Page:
So, as you can see, a big stack of books there (note to self: get bigger scroll). And, just to save my own face, I'm going to use the quantity of books I had to read as an excuse for why this post is a day late. It's not true, but you don't know that, so I get off easy.
Now, you might be thinking: "Gee willickers, Ryan sure did read a lot of comics this week. I bet he has all sorts of crazy things to say about them. I can't wait to read them and then not post any comments, just to spite him. Seriously, fuck that guy." Well, dear reader, you thought wrong!
Don't get me wrong, there were plenty of things worthy of freaking out over (i.e. the giant Mecha War Machine in Iron Man: DOS, Luke Cage making an appearance in 2 unrelated titles this month, or everyone in the Marvel U continuing to be monkies), but I'm not going to write about any of those things. Instead, I'm going to tell you about the one comic you need to buy. And that comic is:
THE AGE OF THE SENTRY #1
With this book, Marvel tries to recapture the essence of their Silver Age titles. This is certainly not a terribly original concept in the comic industry. DC did it back in '99 with such titles as National Comics #1 and Star-Spangled Comics #1. Heck, even Image had the short-lived series called 1963. The key difference is that this one is much better.
As I mentioned nearly a year ago in my first post, I am quite a big fan of the Silver Age. It gave us countless books that offer idealistic heroes who never give you any reason to doubt their intentions. The books were straight-forward, easy for anyone to pick up and read, and generally way too silly not to enjoy. In my opinion, the Silver Age was the perfect age for comic books.
So, every time I see a new series like this pop up on the horizon, I rush to pick up my copy. Usually, I find myself disappointed. Don't get me wrong, the books are still good and I enjoy reading them. The problem, I think, is that they serve to be a mockery of the Silver Age, instead of an homage to it. They tend to overplay the camp and silliness, which can get old really fast.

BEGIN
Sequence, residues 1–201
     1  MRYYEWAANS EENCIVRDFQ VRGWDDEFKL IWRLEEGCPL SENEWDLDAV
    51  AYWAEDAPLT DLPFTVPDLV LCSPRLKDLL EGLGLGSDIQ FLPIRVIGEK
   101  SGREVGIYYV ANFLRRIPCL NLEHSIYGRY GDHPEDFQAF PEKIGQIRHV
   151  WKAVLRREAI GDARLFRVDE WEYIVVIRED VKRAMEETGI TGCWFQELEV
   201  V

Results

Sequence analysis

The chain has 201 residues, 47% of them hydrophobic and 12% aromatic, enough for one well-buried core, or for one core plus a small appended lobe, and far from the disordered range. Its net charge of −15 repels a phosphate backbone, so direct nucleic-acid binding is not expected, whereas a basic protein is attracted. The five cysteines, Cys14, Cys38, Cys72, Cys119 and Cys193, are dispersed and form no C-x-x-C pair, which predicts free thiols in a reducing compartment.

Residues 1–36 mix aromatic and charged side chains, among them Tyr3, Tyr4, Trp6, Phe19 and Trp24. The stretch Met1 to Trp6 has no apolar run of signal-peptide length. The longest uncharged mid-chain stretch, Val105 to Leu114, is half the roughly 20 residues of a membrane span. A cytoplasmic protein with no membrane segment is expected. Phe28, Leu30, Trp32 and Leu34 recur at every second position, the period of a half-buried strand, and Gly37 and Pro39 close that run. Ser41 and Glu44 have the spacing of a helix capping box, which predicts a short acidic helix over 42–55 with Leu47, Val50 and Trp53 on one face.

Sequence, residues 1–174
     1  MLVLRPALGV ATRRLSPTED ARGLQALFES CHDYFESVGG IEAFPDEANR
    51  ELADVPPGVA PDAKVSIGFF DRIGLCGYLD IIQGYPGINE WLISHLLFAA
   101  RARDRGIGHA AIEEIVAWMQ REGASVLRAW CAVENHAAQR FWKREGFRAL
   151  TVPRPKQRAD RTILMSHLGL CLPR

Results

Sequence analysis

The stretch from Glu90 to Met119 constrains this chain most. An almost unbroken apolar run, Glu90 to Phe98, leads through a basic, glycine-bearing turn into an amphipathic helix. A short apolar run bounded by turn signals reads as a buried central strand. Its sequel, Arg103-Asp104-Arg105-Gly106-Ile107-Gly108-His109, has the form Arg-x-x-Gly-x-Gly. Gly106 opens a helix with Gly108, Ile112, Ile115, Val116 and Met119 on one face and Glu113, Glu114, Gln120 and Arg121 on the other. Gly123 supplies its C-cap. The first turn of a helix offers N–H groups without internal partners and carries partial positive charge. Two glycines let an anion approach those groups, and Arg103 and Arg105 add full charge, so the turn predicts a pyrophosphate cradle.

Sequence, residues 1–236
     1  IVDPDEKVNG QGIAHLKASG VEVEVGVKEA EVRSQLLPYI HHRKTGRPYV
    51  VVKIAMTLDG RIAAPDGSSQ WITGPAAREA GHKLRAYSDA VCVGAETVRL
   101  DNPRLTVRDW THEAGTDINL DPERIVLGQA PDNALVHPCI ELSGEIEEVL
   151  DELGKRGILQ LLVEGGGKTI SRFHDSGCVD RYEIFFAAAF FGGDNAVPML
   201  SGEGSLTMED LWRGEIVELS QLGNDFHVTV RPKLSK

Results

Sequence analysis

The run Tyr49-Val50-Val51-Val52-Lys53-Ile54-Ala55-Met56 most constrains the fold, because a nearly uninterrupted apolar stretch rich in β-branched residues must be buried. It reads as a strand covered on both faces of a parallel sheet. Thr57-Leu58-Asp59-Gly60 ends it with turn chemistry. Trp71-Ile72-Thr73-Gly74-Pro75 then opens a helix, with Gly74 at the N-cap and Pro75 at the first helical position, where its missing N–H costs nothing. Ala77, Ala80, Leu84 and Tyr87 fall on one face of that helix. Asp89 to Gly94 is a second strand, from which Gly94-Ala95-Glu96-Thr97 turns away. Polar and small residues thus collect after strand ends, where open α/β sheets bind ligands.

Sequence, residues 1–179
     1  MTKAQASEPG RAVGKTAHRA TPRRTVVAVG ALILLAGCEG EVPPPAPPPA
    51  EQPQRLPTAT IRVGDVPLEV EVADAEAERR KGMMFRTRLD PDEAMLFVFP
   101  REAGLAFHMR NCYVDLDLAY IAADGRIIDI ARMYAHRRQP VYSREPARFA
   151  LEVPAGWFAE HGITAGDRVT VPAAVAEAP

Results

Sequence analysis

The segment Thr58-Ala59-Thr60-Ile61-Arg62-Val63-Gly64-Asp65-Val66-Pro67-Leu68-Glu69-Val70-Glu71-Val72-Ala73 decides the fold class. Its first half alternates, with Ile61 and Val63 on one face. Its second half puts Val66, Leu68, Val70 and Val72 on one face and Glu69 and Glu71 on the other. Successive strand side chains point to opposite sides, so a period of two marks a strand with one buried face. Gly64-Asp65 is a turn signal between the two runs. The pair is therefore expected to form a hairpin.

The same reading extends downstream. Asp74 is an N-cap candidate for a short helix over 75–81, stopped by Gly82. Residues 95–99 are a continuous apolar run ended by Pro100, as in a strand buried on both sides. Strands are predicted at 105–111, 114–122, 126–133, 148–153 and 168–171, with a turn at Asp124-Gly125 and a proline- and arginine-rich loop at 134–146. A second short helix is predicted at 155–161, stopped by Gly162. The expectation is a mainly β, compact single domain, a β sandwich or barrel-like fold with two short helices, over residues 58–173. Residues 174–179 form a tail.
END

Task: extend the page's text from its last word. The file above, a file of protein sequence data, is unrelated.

This book, however, got it right. It has the camp, but the writing is spot-on, and the art and colors are even more perfect than that. If I hadn't known this came out yesterday, I'd have had no idea I wasn't reading an old Stan 'n Jack book. But, looking back on it, with a writer like Jeff Parker (Marvel Adventures: Avengers, X-Men: First Class), it really couldn't be anything less. He captures the essence of Silver Age plot and dialog perfectly, not to mention his beautiful handling of classic villainy and comic book science. Pairing that up with his old X-Men: First Class partner Nick Dragotta and Ramon Rosanas and you've got a Silver Age book on your hands. I had never heard of Rosanas prior to this book, but he and Dragotta have managed to craft art that you would almost swear Jack Kirby drew himself. Outside of a handful of pages in Troy Hickman's Twilight Guardian (which, I might add, just won Top Cow's Pilot Season), I've never seen Silver Age done so well in these modern times of computers and flying cars.
Basically, what I'm saying is that I highly recommend this book if you're a fan of the good old days. Now, I'm off to re-enjoy this issue for myself! If you've got anything you want to add, or want to hear my opinion on anything else I bought this week, feel free to let me know in the comments section. You know, it's that link right down there that says "0 people think this is stupid".